Sometimes I get mail from people asking about teaching jobs or working in Japan in general. This is an edited version of one that I received as a comment yesterday. I deleted the comment because it contained personal information, but I thought I would share the comment and my response here.
Mr. Kirk, Didn’t know how to contact you, so I’m leaving a note on your blog. I thought your views were great, and maybe you could give me some insight. I am researching the possibility of teaching English in Japan. I am a published author, with a background in journalism and commercial writing. I am planning on teaching in Japan and writing another book. I’ve been researching a lot and thought you might have some insight. If you could spare any advice, re: best companies/schools to work with, I would really appreciate it.
Thank you for your comment to my blog, EFL in Japan. I enjoy posting there when I have time, which should be more often, but it is mostly about keeping a long-running record of my professional life, one that others like you may me interested in looking at selectively.
As for work in Japan, I came to Kyushu 20 years ago and worked at a “conversation school.” You probably know what they are. Conversation schools are all over the place, and it should be easy for a person with your credentials to find a position, but to get a working visa, you may need to look from where you are. Some big conversation schools, like GEOS and NOVA, interview in other countries. Otherwise, I’m not sure how to find a position from abroad.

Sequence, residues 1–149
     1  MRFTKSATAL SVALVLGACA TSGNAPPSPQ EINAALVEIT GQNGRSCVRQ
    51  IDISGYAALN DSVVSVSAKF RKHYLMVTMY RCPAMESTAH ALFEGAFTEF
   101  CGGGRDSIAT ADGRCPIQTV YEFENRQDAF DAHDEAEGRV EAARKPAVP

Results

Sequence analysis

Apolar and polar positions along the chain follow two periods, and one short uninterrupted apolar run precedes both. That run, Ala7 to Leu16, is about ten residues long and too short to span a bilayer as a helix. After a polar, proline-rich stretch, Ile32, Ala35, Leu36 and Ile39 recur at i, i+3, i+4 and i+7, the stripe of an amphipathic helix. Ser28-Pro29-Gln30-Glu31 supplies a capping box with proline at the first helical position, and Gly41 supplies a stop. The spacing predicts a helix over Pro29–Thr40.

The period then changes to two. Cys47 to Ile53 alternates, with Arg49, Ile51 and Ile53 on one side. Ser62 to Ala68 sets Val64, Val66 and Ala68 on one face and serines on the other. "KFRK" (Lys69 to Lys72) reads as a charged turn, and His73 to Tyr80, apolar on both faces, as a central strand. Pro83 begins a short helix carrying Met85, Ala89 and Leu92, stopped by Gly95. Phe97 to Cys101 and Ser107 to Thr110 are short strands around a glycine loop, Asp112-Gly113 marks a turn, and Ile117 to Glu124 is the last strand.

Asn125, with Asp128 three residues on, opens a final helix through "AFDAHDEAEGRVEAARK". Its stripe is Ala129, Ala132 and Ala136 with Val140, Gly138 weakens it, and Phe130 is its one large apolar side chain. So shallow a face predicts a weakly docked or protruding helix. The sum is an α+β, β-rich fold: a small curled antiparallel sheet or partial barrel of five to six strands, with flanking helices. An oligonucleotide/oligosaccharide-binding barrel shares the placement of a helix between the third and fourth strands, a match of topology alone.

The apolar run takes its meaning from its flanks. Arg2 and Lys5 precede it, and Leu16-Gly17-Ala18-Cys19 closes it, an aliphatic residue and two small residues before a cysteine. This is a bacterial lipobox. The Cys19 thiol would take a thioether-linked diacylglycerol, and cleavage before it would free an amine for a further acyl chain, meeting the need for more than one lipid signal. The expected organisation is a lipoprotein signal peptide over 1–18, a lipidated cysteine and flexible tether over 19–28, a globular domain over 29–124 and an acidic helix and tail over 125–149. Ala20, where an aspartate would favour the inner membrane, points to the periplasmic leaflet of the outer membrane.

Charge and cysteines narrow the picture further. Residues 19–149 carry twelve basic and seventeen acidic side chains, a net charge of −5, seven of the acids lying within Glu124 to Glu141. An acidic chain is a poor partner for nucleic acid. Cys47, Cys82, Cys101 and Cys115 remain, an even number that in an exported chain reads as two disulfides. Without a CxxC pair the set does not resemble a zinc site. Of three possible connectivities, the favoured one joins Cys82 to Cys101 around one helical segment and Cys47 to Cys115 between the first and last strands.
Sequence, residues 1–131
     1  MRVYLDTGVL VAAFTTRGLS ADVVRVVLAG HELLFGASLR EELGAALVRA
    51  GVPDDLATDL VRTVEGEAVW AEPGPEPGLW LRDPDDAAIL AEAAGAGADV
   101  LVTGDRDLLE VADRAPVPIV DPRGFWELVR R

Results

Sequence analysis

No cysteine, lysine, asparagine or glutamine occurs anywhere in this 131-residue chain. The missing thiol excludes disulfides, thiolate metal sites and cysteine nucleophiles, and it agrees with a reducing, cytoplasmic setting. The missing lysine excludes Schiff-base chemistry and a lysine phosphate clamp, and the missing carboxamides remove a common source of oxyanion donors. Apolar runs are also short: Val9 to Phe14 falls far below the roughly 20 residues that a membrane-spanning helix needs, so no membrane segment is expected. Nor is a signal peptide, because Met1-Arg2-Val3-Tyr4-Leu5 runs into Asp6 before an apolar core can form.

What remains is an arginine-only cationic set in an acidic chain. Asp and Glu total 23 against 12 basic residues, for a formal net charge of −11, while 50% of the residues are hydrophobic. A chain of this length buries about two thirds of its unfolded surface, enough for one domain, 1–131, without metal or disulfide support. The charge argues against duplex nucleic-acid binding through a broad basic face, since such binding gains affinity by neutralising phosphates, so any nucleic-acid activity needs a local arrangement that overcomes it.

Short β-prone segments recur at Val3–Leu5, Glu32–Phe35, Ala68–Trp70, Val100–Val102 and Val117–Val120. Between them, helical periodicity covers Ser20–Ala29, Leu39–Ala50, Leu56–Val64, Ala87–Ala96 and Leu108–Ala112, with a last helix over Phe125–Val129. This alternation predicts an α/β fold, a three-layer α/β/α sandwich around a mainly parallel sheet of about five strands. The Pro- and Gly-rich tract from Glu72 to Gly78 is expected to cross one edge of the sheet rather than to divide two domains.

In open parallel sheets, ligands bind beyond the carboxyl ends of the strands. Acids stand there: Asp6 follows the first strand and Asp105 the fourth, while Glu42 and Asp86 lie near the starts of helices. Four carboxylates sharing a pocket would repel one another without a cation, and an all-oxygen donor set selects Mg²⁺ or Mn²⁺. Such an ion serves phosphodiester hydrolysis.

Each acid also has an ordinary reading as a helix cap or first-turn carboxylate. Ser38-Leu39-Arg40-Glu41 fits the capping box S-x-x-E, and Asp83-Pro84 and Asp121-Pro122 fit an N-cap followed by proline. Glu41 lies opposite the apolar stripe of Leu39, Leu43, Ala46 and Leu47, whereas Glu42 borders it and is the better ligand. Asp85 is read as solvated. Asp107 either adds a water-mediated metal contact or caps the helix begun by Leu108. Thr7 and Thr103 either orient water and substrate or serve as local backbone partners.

There are also universities that advertise abroad. You could always apply for a position through one of their offerings. What I could tell you about working here could fill a book, maybe one that I’ll write someday, and I have very strong opinions about the treatment of international workers here. I’m not sure what you are interested in, though. Do you think you would like to stay here for a while, like five years or more, or are you here for a year or two of exploration? Do you have a family to support, or are you on your own? If you are single and here for a year or two, anyplace will do. They will pay you a living wage, and you’ll have no responsibilities other than to slog out the hours in the classroom. If you plan to be here longer, want to work for one firm for more than a couple of years, and want a better wage, there will be more competition. Japanese schools and companies discriminate against international workers, offering them less favorable employment conditions than may be legally allowable. However, unless you know or care about that, most people never do anything about it.
I strongly suggest that, regardless of what you decide to do, you looked at Arudou Debito’s web site, http://www.debito.org/residentspage.html#survivalstrategies . There is a mountain of information there to wade through, but you should get an idea of employment in this country. I personally suggest that after you sign the contract, which is only for foreign workers you understand, that you immediately join the union at the workplace, or you start one yourself. It is easy and the only practical protection you have in this country from immoral and illegal labor practices. Courts of law are generally of no help at all and will cost you endless hours and cash to use.
I would be happy to communicate with you further if you would like to clarify your situation and what options are available to you.
This would go for anyone looking for work here, Japanese or foreign national.